Marian Armstrong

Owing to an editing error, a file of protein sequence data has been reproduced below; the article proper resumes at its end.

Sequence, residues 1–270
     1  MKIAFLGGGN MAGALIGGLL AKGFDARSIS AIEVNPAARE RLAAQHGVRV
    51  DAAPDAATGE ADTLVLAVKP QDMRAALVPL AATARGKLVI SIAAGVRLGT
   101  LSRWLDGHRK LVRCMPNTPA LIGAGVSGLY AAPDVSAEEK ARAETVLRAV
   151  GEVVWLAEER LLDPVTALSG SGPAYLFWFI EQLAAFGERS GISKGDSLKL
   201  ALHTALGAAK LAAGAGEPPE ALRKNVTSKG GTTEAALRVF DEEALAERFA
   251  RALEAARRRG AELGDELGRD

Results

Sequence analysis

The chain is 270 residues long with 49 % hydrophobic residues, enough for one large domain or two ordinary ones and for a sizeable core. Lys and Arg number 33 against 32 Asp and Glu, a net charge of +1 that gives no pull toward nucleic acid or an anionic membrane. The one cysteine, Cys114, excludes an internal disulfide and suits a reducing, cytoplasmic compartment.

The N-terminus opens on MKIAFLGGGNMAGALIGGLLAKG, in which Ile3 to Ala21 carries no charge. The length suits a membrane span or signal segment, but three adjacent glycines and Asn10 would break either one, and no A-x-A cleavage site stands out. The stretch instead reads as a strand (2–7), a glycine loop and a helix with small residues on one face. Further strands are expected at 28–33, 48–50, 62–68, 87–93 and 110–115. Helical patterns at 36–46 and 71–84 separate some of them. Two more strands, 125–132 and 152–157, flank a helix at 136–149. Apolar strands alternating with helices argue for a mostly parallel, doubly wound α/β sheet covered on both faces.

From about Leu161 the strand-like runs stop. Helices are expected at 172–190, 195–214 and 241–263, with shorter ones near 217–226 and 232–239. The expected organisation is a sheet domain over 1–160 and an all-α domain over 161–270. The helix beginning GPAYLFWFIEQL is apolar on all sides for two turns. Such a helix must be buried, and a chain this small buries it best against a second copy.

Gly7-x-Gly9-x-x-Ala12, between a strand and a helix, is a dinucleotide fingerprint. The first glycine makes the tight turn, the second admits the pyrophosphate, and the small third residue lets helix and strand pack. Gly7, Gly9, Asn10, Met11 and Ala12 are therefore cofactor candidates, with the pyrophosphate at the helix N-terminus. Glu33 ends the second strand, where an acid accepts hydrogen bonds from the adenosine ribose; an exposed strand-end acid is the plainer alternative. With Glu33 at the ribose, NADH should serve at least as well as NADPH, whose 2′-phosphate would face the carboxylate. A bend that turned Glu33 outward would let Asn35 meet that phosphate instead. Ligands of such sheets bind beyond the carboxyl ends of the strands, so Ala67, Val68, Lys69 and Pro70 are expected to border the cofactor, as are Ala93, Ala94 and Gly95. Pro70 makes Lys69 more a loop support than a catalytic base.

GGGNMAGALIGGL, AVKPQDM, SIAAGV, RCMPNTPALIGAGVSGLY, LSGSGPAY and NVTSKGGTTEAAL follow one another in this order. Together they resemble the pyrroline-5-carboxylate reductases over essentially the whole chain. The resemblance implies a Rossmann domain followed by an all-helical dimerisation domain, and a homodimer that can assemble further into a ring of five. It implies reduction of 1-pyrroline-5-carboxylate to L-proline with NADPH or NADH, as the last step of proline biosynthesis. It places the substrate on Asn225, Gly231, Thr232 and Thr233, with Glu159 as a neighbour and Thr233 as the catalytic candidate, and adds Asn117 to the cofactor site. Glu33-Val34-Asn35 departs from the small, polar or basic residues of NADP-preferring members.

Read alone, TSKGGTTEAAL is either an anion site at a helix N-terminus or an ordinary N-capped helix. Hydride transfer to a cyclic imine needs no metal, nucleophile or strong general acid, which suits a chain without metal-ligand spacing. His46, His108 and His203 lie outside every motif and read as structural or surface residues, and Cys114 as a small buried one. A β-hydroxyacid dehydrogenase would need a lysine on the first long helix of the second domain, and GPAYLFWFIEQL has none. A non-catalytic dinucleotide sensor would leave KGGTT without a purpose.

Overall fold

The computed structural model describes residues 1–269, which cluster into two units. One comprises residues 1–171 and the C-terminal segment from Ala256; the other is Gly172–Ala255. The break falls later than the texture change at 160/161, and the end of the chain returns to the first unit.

I live in central Lancashire with my husband and we have two grown-up daughters. Until recently, I was a full-time teacher of science and careers, and head of year. I took groups of children on adventure holidays that included activities such as sailing, kayaking, climbing and ghyll scrambling, despite my rheumatoid arthritis and repeated respiratory and ear infections. I had always been prone to ear and chest infections from childhood. Eventually, a chance blood test in 2005 revealed that I had common variable immune deficiency (CVID) and I began intravenous immunoglobulin replacement therapy. My health improved with regular treatment, but I had to battle with my employers to prove that I could still do my job as well as any other teacher. Each time I visited the doctors’ surgery I had to explain my CVID to various GPs. I also realised that staff in other hospital departments (I have appointments with rheumatology and ENT) often have no understanding of CVID. As a PID UK patient representative, I am keen to use my ability to talk to groups of people to help get the message across to a wider audience. I also hope to be able to help others with CVID realise that we can do just as much as anyone else, despite our condition, once given the correct treatment.